Knack­ered

Australian Muscle Car - - Bathurst Muscle -

The best-laid plans went awry when dis­as­ter struck the team about four weeks out from the big race.

Garry Rush re­mem­bers the fateful day well,

The horse came across the top of the bon­net, peeled part of the bon­net back and took ev­ery­thing off

back to the B-Pil­lar. The roof was only cen­time­tres above the steer­ing wheel. If the roll­bar hadn’t been in the car they would have been dead

as both Damon Beck and he were in Bryan Bald­win’s of­fice brief­ing the first-time team owner on their per­sonal prepa­ra­tions for the race.

“Bryan, be­ing new to mo­tor rac­ing, told us to go and get prac­tis­ing! We had to tell him that you re­ally can’t go and do that in these cars. So he said to us, ‘I’ll give one [a Phase III] to you, and you can drive it to Queens­land and back to be­come more fa­mil­iar with it. So he sup­plied us with a Phase III each!

“Damon took the car we were go­ing to race at Bathurst and he left the deal­er­ship a bit ear­lier than I did be­cause he was liv­ing up at Ka­toomba, which is a good cou­ple of hours drive from Brook­vale. He might have left at about 5pm.

“I stayed at the deal­er­ship talk­ing to Bryan and other people. About an hour later Bryan re­ceived a call from Damon in­form­ing us that he’d had an ac­ci­dent. He said he was go­ing along Wind­sor Road, near McGraths Hill, head­ing to­wards Ka­toomba and a horse had stepped out in front of him.”

Beck and his fe­male pas­sen­ger were ex­tremely lucky to es­cape. Top: Klaus Sayer’s shot of Pittwa­ter Road, Brook­vale a week be­fore the big race. Ti­tan Ford sits on this site to­day. All aboard the 151 bus to Mona Vale – we bags the front seat on the top deck. Above: The ARDC’s ac­cep­tance let­ter of Bald­win’s Bathurst en­try. Left: A proud Bryan Bald­win takes the lo­cal press for a spin. Note the lo­cal paper’s snap­per next to the Fair­lane.

“If the roll­bar hadn’t been in the car they would have been dead,” says team man­ager and deal­er­ship ser­vice man­ager Ian Field. “The horse came across the top of the bon­net, peeled part of the bon­net back and took ev­ery­thing off back to the B-Pil­lar. The body was a write-off so we got onto Ford to get a re­place­ment body.”

One of the deal­er­ship ser­vice depart­ment staff who re­mem­bers the car re­turn­ing to the Brook­vale work­shop is Klaus Sayer, who says the re­mains were a bloody mess in more ways than one.

“The roof caved in. The car knocked the legs of the horse out and the body came over the bon­net and took the Shaker off and went into the wind­screen. Be­cause we had the rollcage in there, it stopped the roof from com­ing down on Damon and his pas­sen­ger. The roof was only cen­time­tres above the steer­ing wheel. From mem­ory Damon had only a cou­ple of in­juries to his hand.”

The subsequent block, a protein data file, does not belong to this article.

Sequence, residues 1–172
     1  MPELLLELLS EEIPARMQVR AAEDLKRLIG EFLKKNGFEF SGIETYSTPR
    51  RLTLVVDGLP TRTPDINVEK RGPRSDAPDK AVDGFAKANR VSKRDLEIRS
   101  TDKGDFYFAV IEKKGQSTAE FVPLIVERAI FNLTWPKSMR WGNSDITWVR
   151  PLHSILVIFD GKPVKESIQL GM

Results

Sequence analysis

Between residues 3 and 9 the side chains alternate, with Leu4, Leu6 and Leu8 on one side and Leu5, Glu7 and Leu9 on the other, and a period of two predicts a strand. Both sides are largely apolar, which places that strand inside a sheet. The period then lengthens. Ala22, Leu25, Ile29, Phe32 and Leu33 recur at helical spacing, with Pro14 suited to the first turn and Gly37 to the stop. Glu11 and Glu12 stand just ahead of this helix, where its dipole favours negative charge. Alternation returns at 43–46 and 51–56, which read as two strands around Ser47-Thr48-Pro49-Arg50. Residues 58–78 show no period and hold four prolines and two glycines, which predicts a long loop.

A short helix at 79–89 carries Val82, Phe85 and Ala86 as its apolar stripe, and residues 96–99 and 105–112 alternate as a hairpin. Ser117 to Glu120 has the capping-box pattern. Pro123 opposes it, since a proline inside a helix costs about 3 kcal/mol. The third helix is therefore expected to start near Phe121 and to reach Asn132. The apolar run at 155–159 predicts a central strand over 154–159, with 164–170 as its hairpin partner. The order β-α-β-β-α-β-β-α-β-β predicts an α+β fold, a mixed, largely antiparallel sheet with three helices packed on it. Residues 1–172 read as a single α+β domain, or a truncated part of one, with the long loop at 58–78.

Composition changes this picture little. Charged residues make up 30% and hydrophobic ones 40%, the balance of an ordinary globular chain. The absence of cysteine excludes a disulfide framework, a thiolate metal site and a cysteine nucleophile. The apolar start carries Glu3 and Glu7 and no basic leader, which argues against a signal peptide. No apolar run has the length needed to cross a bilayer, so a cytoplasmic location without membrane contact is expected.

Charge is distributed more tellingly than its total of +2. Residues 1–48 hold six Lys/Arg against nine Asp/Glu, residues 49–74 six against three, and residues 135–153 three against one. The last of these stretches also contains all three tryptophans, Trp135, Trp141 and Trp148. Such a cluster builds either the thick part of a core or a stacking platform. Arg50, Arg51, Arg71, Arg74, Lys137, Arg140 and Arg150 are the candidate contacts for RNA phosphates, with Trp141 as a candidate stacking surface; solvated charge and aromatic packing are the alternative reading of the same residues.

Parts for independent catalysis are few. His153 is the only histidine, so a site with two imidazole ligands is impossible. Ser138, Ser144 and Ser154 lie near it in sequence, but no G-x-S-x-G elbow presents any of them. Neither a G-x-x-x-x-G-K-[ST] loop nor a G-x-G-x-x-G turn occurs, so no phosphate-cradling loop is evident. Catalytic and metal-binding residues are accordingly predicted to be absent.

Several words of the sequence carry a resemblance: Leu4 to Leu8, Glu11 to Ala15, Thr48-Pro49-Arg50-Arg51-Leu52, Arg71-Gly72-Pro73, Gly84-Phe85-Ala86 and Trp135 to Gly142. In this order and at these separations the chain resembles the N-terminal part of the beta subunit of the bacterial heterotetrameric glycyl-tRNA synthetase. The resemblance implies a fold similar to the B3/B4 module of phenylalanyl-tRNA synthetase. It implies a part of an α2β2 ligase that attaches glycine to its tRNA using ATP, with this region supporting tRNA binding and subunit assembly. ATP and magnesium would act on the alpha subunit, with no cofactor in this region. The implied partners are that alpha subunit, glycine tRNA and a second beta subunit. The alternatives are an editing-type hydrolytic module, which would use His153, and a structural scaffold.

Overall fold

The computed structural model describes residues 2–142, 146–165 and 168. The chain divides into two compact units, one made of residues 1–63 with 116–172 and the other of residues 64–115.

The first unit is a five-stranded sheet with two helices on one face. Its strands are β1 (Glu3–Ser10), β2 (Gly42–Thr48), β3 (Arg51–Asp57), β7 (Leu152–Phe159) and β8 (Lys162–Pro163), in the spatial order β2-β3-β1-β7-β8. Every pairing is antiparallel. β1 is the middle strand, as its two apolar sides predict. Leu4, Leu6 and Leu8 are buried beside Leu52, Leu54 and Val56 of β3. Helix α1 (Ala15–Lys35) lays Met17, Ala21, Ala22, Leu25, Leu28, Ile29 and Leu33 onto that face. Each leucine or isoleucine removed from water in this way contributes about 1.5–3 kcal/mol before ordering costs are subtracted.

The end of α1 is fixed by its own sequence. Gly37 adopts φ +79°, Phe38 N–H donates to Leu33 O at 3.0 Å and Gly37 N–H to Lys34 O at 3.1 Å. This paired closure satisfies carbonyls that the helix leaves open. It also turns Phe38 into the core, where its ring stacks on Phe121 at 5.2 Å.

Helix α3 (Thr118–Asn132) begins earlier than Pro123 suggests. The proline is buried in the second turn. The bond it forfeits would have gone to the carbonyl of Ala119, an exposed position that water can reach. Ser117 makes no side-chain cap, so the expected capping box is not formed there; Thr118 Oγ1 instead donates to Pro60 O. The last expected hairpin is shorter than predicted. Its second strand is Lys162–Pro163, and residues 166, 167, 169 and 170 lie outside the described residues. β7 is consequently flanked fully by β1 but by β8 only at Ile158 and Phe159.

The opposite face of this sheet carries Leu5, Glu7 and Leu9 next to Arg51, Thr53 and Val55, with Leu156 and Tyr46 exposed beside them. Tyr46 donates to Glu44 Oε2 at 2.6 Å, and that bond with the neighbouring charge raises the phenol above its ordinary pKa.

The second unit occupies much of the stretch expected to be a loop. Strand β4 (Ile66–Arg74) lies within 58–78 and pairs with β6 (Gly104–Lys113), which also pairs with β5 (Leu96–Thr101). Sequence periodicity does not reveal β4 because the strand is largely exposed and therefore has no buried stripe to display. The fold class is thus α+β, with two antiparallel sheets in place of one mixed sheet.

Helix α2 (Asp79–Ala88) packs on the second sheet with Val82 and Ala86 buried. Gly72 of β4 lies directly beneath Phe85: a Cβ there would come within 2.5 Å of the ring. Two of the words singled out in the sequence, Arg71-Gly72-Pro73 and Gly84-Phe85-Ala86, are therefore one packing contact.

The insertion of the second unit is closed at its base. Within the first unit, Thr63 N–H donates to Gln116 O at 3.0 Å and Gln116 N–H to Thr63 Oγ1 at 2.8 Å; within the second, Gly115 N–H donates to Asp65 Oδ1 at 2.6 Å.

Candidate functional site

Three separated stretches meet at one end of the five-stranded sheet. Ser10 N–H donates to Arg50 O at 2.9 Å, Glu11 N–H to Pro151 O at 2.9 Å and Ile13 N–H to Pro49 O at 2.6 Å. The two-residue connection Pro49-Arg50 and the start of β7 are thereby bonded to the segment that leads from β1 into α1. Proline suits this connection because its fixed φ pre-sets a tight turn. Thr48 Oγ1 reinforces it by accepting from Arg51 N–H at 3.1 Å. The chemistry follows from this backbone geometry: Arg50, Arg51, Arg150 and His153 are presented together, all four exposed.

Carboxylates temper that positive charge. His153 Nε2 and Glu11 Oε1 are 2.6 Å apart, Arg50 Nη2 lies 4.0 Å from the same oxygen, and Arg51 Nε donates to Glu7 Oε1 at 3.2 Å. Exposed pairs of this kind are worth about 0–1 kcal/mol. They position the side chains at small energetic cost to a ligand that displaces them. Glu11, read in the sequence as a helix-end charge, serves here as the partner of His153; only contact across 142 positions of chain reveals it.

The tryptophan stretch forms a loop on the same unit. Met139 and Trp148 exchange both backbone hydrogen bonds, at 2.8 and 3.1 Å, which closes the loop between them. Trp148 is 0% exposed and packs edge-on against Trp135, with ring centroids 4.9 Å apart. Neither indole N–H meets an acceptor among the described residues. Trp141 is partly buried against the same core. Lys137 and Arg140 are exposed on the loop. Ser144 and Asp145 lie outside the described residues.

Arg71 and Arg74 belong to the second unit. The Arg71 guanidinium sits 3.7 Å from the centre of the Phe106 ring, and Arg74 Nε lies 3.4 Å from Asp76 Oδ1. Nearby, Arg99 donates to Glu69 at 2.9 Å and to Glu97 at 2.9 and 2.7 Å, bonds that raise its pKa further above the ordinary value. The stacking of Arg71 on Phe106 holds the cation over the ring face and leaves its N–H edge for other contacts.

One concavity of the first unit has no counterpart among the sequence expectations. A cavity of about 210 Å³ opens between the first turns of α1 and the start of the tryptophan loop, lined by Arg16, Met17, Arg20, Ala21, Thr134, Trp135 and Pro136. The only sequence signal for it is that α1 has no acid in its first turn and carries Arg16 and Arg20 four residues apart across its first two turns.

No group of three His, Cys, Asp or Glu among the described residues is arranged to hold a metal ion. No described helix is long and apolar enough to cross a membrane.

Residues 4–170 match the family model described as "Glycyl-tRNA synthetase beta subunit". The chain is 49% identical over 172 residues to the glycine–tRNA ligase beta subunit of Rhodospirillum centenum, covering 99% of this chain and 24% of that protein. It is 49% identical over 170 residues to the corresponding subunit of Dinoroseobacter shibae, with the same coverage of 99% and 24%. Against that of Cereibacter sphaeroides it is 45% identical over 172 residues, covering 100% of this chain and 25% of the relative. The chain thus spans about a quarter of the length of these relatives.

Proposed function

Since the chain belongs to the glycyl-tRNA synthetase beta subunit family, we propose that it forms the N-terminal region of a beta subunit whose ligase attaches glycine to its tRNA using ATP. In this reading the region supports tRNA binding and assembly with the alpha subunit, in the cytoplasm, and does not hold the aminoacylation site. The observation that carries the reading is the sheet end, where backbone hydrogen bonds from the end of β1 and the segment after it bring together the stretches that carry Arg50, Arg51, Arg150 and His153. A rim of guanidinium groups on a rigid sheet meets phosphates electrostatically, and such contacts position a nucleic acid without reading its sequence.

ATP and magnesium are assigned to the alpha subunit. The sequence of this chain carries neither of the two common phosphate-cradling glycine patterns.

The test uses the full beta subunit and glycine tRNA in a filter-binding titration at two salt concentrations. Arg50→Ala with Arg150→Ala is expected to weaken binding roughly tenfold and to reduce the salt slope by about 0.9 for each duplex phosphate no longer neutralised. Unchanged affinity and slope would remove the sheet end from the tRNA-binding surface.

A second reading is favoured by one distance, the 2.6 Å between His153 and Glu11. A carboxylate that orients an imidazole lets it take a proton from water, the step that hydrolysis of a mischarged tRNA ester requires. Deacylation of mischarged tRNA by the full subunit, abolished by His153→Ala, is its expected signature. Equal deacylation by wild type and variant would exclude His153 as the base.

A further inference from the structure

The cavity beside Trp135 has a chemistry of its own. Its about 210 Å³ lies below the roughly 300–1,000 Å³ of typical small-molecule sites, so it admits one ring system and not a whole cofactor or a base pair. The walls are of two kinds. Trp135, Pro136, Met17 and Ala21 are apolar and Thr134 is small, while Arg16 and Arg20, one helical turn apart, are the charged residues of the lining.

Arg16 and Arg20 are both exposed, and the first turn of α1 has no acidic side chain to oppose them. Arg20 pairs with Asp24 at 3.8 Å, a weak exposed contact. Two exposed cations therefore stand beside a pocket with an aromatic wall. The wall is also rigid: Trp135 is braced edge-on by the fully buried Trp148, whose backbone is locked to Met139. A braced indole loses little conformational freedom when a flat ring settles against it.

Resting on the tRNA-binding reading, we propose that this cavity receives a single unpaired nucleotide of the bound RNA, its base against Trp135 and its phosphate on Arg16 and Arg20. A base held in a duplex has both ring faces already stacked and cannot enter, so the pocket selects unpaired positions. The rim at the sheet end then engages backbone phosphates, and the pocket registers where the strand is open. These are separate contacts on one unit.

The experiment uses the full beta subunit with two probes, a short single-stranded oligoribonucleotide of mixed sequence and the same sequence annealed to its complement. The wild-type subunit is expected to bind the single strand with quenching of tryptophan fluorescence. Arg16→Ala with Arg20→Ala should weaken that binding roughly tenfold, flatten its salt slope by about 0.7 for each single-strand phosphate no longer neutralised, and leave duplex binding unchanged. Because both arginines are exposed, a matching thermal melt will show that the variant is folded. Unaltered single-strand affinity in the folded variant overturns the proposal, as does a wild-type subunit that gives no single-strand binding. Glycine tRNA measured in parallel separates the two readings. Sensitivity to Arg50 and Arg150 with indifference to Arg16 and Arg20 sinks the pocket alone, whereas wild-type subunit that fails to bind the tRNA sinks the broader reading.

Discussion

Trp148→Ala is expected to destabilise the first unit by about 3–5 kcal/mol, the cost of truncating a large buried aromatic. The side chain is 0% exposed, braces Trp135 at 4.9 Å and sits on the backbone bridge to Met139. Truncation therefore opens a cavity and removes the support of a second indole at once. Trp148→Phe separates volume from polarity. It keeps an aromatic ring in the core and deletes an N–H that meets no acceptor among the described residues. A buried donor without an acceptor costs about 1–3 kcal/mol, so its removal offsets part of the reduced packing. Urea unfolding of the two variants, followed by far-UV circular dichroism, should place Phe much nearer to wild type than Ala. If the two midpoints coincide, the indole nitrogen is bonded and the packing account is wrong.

An SOS went out to Ford for a re­place­ment body, but as Field out­lines an­other dis­as­ter quickly pre­sented it­self.

“Howard Mars­den or­gan­ised for us to have an­other body painted in the same colour. So some­body from the deal­er­ship drove to Mel­bourne to pick it up, but on the way back the trailer got side-swiped on the Hume High­way and that new body fell off the trailer and down into a gully. So we had to pull it out of the gully, get it back to Syd­ney and get it re­paired by a lo­cal panel beater. It was just un­der two weeks be­fore the race when we got it all back to­gether.”

But wait that’s not all, with the team man­ager him­self tempt­ing fate and nar­rowly avoid­ing pre­race dis­as­ter num­ber three.

“Three of us de­cided to take it from Syd­ney to

Swan Hill to run it in,” Field chuck­les. “I re­mem­ber Les Shepherd lost it in the rain at one point. Then I was driv­ing be­tween Hay and West Wya­long, at, let’s say, con­sid­er­able speed, which you did in those days, when the rear tyre ex­ploded.

“We had the Miche­lin XAS tyres on the car [for the run to Swan Hill]. We fig­ured we could do the race on one set of tyres. Our strat­egy was to not change tyres and there­fore save a hel­luva lot of time, re­mem­ber­ing that chang­ing wheels was not as easy back then as it is to­day. We fig­ured that what we lost to the cars with slicks we’d make up by spend­ing less time in the pits. It was a big call, but that’s what we de­cided to do.

“Prob­lem was that the Miche­lins weren’t rated for the speeds the Phase III was ca­pa­ble of do­ing...

“I’ve got this men­tal im­age to­day of driv­ing along on the Hay Plain and feel­ing the tyre ex­plod­ing and look­ing in the rearview mir­ror and see­ing the car fish­tail­ing all over the place. And I can hear Les Shepherd in my mind to this day say­ing, “D-o-n-t t-o-u-c-h t-h-e b-r-a-k-e!” as he was hang­ing onto the roll­bar.

“Any­way, we stopped and there’s this bloody big piece of tyre em­bed­ded in the guard. The steel-belted ra­dial just came apart.

“On the way back to Syd­ney, the third driver went through a tum­ble­weed go­ing flatout and it was so abra­sive all the paint­work on the front of the car was sand­blasted off it.

“So by the time we got to Bathurst the car was def­i­nitely run in,” Field laughs. Right: The re­laxed-look­ing crew se­cured an im­pres­sive ninth on the 60-grid. It was a boy’s own ad­ven­ture for the mostly novice race crew.

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